Tide turning on data loss?

Cyber attacks do not necessarily lead to a loss of data if they can be adequately defended or if data can be restored from backups and, if the findings of a poll released today are anything to go by, investment in that area of information security may be starting to pay off.

For the first time in the 12-year history of Databarracks' annual poll among IT, security, disaster recovery and business continuity practices, cyber attacks have decreased as a cause of data loss. The research concurrently reflects steadily increasing cyber budgets, with 40% reporting increased investment in the last 12 months (up from 33% last year). There is an increase in confidence, too, as 64% of respondents (up from 56% last year) claim they now have sufficient in-house cyber security skills to deal with the current threat landscape.

Peter Groucutt, managing director of Databarracks says that for as long as the company has been running the Data Health Check, cyber attacks have been growing as a cause of data loss, but now it looks like the tide is turning.

“Although we have seen a reduction in data loss caused by cyber attacks, it is still growing as a cause of downtime, increasing every year since 2016. A cyber attack does not necessitate a loss of data if it can be adequately defended or data restored from backups. Recovering from a cyber incident takes time and may require systems to be taken offline as a precaution. The research suggests many organisations have prioritised protecting their data and improving their in-house defences against common cyber threats.

“These improvements are the result of sustained investment and effort over several years.However, it needs to be emphasised that defending against these threats is an ongoing battle. We might have closed the gap in the arms-race with cyber criminals but if we don’t keep up our pace, we’ll soon fall behind.

“Since lockdown began, cyber criminals have been looking to take advantage of the disruption. Ransomware attacks on Honda, Blackbaud, the healthcare sector and more recently Garmin have highlighted how damaging it can be for an organisation to be affected by multiple concurrent crises when in an already weakened state.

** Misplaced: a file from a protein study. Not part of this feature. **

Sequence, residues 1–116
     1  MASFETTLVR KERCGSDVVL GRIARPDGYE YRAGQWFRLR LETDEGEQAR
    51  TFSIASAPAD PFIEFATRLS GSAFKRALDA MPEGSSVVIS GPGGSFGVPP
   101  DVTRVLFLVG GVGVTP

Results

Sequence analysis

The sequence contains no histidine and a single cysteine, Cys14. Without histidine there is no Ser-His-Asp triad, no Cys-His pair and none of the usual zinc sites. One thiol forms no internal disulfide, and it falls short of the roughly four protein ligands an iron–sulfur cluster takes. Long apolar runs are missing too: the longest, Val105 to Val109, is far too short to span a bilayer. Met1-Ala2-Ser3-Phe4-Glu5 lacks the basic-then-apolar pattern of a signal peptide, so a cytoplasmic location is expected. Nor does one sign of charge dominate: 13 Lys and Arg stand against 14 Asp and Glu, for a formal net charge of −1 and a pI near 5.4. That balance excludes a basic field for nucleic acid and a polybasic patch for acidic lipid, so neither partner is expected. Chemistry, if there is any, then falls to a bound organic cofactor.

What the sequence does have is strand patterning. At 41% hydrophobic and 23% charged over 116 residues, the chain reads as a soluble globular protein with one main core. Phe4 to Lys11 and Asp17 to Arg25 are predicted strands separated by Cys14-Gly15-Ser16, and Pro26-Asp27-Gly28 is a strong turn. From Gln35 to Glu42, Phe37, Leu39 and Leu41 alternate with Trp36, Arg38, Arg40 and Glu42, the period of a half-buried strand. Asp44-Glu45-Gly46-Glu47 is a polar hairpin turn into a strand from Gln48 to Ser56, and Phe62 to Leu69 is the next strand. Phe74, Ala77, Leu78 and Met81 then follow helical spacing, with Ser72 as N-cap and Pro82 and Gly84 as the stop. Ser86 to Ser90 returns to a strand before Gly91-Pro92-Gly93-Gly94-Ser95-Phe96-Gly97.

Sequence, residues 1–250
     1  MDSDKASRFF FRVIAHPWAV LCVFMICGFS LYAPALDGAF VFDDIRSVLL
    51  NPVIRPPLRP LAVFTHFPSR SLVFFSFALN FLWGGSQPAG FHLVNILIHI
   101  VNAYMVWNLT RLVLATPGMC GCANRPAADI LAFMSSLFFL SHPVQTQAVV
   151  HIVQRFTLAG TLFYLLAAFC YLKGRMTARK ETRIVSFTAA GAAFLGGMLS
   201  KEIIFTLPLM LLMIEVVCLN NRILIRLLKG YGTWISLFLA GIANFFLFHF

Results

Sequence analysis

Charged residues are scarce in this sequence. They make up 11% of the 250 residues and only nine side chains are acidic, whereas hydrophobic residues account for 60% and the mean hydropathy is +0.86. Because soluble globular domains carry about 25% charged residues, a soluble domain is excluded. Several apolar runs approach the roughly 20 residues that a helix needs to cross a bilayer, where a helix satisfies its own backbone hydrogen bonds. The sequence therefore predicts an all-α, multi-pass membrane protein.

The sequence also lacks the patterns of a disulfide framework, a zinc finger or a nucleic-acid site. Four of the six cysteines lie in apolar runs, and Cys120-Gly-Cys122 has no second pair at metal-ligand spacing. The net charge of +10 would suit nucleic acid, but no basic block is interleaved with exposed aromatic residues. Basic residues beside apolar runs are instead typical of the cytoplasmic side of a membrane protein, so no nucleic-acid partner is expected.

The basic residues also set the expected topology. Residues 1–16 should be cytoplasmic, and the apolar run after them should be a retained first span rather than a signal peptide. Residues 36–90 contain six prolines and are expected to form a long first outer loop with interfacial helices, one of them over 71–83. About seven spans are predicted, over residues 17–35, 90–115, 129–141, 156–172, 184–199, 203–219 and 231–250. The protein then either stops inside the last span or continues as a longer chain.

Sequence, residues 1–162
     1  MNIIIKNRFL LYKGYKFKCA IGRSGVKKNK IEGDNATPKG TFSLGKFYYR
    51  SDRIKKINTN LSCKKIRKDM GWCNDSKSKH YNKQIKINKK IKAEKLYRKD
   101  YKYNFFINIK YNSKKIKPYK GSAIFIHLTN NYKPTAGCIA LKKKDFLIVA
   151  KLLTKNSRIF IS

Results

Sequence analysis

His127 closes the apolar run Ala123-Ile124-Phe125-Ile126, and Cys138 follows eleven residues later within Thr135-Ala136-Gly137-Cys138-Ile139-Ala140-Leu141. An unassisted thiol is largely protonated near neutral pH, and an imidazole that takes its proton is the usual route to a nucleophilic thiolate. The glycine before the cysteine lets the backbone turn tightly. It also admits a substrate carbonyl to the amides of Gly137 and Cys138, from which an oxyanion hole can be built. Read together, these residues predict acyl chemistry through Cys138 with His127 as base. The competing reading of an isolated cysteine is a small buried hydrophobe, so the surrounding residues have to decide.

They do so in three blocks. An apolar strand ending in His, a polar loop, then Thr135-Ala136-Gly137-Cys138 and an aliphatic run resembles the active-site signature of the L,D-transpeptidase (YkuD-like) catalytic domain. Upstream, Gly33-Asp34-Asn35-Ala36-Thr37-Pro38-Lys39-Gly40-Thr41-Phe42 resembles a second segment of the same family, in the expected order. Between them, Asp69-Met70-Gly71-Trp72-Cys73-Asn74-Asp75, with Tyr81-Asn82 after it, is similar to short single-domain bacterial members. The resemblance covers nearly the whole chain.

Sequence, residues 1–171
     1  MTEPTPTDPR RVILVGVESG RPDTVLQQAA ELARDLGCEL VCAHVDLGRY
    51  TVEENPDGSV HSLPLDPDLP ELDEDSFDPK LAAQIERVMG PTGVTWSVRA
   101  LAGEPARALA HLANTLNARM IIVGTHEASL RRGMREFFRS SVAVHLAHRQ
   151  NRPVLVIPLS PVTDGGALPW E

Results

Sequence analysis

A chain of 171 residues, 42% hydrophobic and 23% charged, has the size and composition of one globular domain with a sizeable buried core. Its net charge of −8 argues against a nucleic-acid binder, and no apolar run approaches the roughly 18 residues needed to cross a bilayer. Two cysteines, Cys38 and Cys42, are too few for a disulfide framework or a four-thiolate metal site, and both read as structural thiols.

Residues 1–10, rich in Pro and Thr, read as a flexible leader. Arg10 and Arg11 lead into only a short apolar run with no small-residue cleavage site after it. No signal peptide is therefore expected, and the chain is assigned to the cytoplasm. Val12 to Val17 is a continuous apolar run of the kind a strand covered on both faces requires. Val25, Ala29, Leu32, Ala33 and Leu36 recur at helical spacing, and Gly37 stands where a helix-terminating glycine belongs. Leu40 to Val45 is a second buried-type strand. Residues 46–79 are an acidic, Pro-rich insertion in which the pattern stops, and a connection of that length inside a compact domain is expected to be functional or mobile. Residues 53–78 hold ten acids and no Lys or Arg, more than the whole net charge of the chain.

“Staff are decentralised, working remotely, increasing the attack surface. That gives cyber criminals new opportunities to exploit.

“It is understandable that many organisations will be operating under budget constraints due to COVID-19, but IT has proven to be the critical business service in the pandemic. It’s vital that they continue to invest in mission-critical IT services, especially cyber security to avoid having to cope with a ‘crisis in a crisis’."

These findings are taken from Databarracks’ annual Data Health Check survey which has been running since 2008. The survey asks over 400 IT decision-makers in the UK questions on a series of mission-critical issues.

    Share Story:

Recent Stories

Financial institutions were early adopters of cyber security and insurance. Are they still on top of the game?
Managing huge amounts of sensitive data online makes financial institutions a prime target for hackers. As such, the sector was an early cohort for insurers in creating cyber cover. Since then, the market has evolved almost beyond recognition. It continues to challenge itself to this day, complying with rigorous regulatory demands and implementing avant-garde enhancements to keep abreast of the ever-changing risks. Published June 2021

Manufacturing: An industry at risk amid great technological change
Of the many sectors of business, manufacturing companies are among the most at risk from cyber threats. How has the sector evolved to make it so vulnerable and what does the task of managing cyber exposure in a manufacturing company look like? CIR’s latest podcast with Tokio Marine HCC sought to answer all these questions and more. Published April 2021